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Mom's Shocking Diary Secret Triggers Estate Challenge by Daughter

Imagine you missed out on an opportunity of a lifetime because of something you just discovered that your mother did years before. Could you challenge her estate to get what you feel you deserve?

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Shortly after a woman’s death, her daughter learns that 25 years earlier her mom hid from her a priceless, potentially life-altering educational opportunity. Can anything be done now? Could a claim be made against her mom’s estate, or is it too late?

SEE ALSO: Should You Treat Your Kids Equally in Your Will?

We’ll tell you the answer in a moment, but, first, let’s travel back to 1992 and meet Celeste. She was a bright high school student who had a dedicated French teacher named Vicki.

Speaking perfect French with a flawless accent, Vicki brought this language to life, becoming characters from history, showing up one day dressed as Napoleon, the next as Marie Antoinette, taking her students to a French restaurant and inspiring them to compete in a local educational foundation’s contest for a summer scholarship. The prize: one month studying in Lyon, France, all expenses paid.

As you guessed, Celeste entered the competition and won! Having the uncanny ability of mimicking Vicki’s native accent, upon her return from France and meeting the foundation’s judges at a reception, all were blown away by this California kid who sounded like a native speaker.

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‘I can’t stand the thought’

The foundation’s president sent a letter, addressed to mother and daughter, saying that “Celeste is gifted, and by accomplishing a major or minor in French, her incredible ability could lead to a job with the State Department, or in the business world, education, anywhere fluency in French is needed. We will pay for all expenses at any university she chooses to attend in France.

“We feel it our duty to do everything possible so that she can put this amazing ability to great use.”

And her mom, how did she react to this offer, which could have changed the course of Celeste’s life in so many ways? How should any parent who wants a good education for their child reply?

“Oh, no! I can’t stand the thought of her moving away. She likes working with hair, and I am going to pay for her to attend cosmetology school,” her mother wrote back, with these words in bold italics: “Leave Us Alone!”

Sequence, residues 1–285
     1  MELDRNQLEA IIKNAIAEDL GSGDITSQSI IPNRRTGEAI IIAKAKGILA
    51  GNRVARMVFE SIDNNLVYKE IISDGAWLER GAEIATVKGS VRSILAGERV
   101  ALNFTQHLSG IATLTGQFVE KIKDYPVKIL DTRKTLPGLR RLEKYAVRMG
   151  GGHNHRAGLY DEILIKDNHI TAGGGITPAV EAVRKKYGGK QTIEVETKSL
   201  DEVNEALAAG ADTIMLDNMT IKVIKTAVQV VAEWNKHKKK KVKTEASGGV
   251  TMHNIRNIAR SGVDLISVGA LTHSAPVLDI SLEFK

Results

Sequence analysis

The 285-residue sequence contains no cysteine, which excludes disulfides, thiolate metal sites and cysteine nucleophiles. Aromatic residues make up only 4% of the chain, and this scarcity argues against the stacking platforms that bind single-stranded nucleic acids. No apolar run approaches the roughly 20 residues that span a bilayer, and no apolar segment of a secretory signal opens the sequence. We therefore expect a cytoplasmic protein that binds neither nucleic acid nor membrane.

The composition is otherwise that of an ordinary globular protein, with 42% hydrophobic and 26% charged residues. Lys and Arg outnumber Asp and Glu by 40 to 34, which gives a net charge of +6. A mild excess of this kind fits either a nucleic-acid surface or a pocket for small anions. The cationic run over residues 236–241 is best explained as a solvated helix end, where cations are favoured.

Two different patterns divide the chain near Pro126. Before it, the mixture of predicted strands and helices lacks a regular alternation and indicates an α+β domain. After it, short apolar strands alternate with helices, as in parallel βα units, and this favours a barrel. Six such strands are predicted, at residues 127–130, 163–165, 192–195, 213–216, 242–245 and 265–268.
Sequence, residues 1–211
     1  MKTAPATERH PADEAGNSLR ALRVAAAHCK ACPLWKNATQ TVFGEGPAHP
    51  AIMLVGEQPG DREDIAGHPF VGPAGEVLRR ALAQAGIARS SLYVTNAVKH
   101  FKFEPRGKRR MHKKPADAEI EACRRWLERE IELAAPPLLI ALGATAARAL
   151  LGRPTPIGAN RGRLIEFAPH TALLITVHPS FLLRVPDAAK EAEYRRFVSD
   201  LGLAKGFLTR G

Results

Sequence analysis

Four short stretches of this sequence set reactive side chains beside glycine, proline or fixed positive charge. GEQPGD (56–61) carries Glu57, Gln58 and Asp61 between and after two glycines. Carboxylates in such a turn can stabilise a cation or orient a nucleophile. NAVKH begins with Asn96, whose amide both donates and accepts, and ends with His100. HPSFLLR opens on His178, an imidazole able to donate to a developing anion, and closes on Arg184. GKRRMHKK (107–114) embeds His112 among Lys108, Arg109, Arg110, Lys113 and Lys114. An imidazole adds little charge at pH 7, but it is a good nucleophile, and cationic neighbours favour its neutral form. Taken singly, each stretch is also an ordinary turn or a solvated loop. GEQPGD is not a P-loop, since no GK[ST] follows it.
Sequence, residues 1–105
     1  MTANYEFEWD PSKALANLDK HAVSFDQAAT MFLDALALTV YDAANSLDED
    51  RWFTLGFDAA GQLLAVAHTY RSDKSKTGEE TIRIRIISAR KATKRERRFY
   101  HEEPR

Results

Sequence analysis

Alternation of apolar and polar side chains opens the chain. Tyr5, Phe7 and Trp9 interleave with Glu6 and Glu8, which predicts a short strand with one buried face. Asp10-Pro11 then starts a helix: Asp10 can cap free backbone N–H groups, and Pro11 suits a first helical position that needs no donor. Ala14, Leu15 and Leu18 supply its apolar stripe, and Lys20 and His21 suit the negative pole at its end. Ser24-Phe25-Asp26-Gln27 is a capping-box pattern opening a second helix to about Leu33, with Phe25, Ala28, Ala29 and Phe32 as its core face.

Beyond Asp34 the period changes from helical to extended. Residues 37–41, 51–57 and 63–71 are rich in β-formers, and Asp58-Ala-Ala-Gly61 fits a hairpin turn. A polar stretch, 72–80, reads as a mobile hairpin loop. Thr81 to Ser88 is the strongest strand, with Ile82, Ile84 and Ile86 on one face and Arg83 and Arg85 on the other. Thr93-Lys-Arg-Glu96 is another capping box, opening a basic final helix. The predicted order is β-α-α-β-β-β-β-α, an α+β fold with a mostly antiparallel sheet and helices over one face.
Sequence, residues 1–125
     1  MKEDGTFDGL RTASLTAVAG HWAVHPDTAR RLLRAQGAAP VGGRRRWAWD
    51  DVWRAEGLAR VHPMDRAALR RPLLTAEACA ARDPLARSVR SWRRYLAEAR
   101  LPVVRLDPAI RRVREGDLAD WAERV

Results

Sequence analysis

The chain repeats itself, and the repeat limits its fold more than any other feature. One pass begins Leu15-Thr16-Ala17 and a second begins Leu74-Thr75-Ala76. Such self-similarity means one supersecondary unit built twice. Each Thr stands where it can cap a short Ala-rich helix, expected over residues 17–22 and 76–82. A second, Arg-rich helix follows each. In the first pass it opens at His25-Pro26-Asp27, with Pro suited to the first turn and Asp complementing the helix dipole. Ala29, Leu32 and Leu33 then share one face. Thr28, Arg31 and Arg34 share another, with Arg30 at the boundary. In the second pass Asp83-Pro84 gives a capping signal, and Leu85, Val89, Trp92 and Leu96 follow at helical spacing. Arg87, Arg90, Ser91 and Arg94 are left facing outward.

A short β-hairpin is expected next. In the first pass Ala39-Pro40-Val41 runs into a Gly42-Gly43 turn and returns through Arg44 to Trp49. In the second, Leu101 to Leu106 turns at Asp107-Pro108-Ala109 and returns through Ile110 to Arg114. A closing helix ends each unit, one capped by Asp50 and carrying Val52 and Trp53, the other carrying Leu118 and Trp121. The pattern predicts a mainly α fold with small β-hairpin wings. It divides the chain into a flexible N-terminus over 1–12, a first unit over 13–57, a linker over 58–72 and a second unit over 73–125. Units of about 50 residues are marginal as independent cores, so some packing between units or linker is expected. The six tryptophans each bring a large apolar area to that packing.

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“Mom never told me! I found it all by going through her diary,” Celeste told me recently.

If you wonder whatever became of Celeste, well, Mom got her wish. She became a hairstylist, never left her hometown, got married at a young age, and has three adult daughters. She gave them all French names.

But Celeste never lost her interest in the language, studying on her own and even subscribing to French magazines. She reads my law blog and dropped by my office recently.

“Mom never told me about the offer to pay for my French studies, which was dated Aug. 1, my birthday, when I turned 18. I discovered all of this while reading her journal after she died two weeks ago. Mom wrote, ‘Must hide this from Celeste. I know it is not right, but she would move away and leave me alone. Must do everything to keep her in town.’

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“Mr. Beaver. I loved my mother. She just couldn’t cope with the thought of being alone. Her will left almost all of her estate — $500,000 — to an animal shelter and grandchildren. Am I out of place in asking that some of that money be used so that I can study in France, even if it is just for a year or so? She denied me that choice, and I want to return!

“Perhaps I still would have cut hair, but I was cheated out of a chance to have a far different life.”

See Also: How Codicils Can Simplify Updating Your Will as Life Evolves

File a claim against estate

We ran Celeste’s story by attorney Kurt Van Sciver. His practice focuses on trusts and estates litigation.

I spoke with him, as he practices law here in Bakersfield, Calif.

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“What a sad story, Dennis,” Van Sciver said. “I mean, just think of all the possibilities which she was denied.” “This is a compelling case.”

Here are his recommendations:

  1. As probate allows creditors to be paid before assets of the decedent are distributed to beneficiaries, it is critical that Celeste file a creditor’s claim in the estate.

  2. Celeste’s legal position would be that her mother violated a duty toward her by wrongfully withholding the offer.

  3. Once filed, the personal representative of the estate will then have an opportunity to review the basis of the claim and decide whether it should be granted or denied.

  4. If the claim is denied, Celeste will then need to bring a separate lawsuit against the estate.

We gave that information to her with two additional recommendations: First, she must follow through on this as an example to her daughters of standing up to unfairness.

Second, to send us post cards from France.

See Also: Estate Planning Answers for 'Hard' Assets Like Art, Heirlooms

After attending Loyola University School of Law, H. Dennis Beaver joined California's Kern County District Attorney's Office, where he established a Consumer Fraud section. He is in the general practice of law and writes a syndicated newspaper column, "You and the Law." Through his column he offers readers in need of down-to-earth advice his help free of charge.

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This article was written by and presents the views of our contributing adviser, not the Kiplinger editorial staff. You can check adviser records with the SEC or with FINRA.